Look for 6¢ Eagle airmail panes
The mint pane of nine of Macedonia’s 24-denar Nikola Tesla stamp (Scott 373) is in demand and is a good buy at $16.
A never-hinged unfolded mint pane of the United States 6¢ Eagle Holding a Shield airmail stamp (Scott C23) is a good buy in the $60 range.
United States — On May 14, 1938, the U.S. Post Office Department issued a bicolor 6¢ Eagle Holding Shield airmail stamp (Scott C23). The stamp was printed using dark blue and carmine inks, and a minor listing in the catalog notes an ultramarine and carmine variety as Scott C23c.
This stamp is popular with collectors, including some who specialize in the issue. Many save it as a full pane, in plate blocks, and with specialized material related to the stamp issue and postal history.
The challenge is finding this stamp issue as a mint sheet in a never-hinged unfolded example.
The 2014 Scott Specialized Catalogue of United States Stamps and Covers values a plate block of 10 for $15 and 40 mint singles for 70¢ each, totaling about $43 for the pane of 50 stamps.
If you can find a fresh undamaged pane for $60 or less, it is a fair price to pay.
Avoid sheets with damaged selvage unless they are being sold inexpensively.
A Linn’s editor did not find this week’s recommended stamps on ZillionsOfStamps.com.
Tip of the week
Macedonia — Macedonia, a republic in the Balkans, has had the bad fortune to be coveted by its neighbors. The homeland of Alexander the Great, it was a battleground for struggles between the Byzantine, Serbian and Bulgarian empires in the 12th to 15th centuries before being conquered by the Ottomans.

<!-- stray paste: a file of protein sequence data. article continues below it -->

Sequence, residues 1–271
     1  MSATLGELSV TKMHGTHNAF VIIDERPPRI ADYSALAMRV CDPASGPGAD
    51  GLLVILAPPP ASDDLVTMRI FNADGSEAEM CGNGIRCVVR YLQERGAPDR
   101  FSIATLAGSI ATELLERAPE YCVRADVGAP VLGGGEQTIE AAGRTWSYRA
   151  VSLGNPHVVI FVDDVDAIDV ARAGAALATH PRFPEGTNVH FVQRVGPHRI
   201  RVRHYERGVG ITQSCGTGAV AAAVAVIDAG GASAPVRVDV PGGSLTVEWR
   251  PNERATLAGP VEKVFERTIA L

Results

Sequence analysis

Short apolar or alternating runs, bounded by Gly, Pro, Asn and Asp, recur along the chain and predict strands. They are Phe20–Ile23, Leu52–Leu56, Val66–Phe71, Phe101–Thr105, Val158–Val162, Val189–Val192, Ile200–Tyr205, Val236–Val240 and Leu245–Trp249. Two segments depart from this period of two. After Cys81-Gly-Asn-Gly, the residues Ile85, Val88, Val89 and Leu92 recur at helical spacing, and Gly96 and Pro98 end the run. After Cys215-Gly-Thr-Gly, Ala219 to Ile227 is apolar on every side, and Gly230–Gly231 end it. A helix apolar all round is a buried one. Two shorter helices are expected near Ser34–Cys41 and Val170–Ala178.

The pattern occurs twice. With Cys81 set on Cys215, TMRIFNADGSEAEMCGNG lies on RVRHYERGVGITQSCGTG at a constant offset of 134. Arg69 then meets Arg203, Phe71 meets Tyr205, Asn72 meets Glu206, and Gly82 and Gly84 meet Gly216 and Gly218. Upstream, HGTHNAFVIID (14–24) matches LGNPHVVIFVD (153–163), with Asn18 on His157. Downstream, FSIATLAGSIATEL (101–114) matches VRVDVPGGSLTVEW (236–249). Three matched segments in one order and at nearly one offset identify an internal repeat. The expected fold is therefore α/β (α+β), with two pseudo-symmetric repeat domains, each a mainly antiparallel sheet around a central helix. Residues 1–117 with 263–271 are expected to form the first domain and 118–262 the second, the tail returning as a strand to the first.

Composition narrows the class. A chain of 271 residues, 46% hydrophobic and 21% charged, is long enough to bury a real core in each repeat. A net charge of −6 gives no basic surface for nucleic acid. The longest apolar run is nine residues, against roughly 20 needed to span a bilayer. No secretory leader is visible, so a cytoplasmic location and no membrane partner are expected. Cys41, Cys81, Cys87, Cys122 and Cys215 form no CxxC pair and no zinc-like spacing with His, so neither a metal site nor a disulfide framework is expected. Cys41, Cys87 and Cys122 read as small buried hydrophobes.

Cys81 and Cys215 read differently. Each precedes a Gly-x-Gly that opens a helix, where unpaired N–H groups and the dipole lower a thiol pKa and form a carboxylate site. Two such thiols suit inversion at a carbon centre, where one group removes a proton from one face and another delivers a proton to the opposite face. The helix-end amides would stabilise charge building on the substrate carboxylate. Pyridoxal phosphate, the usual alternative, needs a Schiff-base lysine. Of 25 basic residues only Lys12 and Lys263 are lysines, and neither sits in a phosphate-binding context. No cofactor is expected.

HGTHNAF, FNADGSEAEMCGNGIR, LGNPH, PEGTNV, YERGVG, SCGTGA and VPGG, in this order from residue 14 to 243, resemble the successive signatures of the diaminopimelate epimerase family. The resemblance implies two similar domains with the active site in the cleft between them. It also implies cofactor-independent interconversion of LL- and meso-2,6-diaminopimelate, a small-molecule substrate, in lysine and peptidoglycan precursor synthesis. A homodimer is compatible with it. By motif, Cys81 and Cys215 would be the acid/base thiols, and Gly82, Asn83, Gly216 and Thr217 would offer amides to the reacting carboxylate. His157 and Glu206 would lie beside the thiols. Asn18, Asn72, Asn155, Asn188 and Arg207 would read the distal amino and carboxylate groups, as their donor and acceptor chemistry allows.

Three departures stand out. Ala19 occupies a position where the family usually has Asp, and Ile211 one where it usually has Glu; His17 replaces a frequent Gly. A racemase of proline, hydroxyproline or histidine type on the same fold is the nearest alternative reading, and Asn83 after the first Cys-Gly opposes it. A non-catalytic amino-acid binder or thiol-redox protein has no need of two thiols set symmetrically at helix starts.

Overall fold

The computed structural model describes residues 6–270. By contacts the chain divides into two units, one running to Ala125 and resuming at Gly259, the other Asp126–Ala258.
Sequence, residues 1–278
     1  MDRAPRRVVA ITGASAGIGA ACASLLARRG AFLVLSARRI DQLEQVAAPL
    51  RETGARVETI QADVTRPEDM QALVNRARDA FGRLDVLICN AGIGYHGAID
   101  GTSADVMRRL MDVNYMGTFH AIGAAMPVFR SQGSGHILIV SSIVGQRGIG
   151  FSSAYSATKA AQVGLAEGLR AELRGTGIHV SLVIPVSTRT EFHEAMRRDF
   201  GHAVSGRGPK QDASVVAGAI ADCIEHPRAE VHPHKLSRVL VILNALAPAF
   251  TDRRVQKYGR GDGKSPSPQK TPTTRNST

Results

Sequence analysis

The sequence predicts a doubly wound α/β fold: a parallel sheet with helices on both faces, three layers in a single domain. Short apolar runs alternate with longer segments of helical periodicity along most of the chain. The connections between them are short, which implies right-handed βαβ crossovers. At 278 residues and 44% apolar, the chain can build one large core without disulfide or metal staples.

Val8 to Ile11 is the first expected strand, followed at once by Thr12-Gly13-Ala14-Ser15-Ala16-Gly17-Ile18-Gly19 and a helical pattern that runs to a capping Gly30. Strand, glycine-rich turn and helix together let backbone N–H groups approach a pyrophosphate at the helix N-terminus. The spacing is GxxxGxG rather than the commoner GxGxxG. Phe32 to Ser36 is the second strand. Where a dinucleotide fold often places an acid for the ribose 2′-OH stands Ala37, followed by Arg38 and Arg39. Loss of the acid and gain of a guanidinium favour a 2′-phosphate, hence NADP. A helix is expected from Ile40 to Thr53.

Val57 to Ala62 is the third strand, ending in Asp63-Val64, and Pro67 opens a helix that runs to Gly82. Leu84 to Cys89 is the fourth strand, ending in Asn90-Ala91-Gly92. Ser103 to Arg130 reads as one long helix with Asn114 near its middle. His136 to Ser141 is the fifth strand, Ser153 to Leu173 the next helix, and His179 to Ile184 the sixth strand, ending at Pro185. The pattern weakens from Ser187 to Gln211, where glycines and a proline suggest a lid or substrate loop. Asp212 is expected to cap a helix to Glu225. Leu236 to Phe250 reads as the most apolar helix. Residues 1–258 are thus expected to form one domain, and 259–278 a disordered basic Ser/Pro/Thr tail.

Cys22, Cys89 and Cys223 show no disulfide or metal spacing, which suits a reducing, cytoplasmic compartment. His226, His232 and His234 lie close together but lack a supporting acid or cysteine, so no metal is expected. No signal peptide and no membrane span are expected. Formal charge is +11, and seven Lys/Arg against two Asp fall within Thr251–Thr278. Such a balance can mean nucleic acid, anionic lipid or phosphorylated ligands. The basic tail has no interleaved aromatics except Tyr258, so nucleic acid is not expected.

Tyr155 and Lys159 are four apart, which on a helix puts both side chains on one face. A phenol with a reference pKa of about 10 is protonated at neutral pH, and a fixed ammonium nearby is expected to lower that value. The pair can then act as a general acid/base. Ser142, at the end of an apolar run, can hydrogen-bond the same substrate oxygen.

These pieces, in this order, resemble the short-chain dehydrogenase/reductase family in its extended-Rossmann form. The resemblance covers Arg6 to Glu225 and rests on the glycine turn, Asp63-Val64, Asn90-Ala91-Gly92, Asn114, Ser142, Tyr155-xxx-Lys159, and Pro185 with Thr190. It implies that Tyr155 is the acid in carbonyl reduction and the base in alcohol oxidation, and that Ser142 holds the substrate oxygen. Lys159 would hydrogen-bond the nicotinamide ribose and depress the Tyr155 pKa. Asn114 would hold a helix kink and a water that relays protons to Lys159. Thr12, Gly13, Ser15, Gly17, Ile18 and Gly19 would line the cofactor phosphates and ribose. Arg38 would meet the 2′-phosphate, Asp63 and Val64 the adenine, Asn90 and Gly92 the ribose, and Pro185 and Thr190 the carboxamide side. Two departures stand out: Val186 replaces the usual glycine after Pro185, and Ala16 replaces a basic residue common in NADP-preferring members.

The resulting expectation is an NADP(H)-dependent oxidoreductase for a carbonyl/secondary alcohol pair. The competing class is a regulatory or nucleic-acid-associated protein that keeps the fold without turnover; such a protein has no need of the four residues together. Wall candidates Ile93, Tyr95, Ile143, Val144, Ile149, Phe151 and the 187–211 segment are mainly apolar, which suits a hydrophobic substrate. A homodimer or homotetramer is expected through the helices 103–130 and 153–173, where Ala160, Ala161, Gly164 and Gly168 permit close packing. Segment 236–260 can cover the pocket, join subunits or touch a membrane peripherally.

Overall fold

In the First and Second Balkan Wars and World War I, Greeks, Bulgarians and Serbs fought over it, while Macedonian nationalists waged guerilla war against all three countries.
With the breakup of Yugoslavia in 1991, Macedonia at last gained its independence. It has followed a moderate stamp-issuing policy, with about 800 issues since gaining independence.
Nikola Tesla was born to Serbian peasants in 1856 in what is today Croatia. He immigrated to the United States in 1884. He was an electrical engineer, mechanical engineer and a futurist. He was also something of a showman.
At different times, he worked for both Thomas Edison and George Westinghouse. He was a proponent of wireless electrical distribution by alternating current. He also experimented with X-rays, wireless communication and remote control by radio.
Because of his futurism, his often unorthodox ideas and his tendency for theatricality, he gained a reputation as a mad genius who was far ahead of his time. In recent years, he has become something of a cult figure.
On June 28, 2006, Macedonia issued a 24-denar Nikola Tesla stamp (Scott 373). This stamp is in demand by science and technology topical collectors.
The 2015 Scott Standard Postage Stamp Catalogue values the stamp in mint never-hinged condition at $1.50, and that is about what it is selling for.
However, the stamp was issued in panes of nine, and that is where most of the demand lies. The mint panes are selling for about $16. If you find one offered at that price, it would be a good buy. — H.G.
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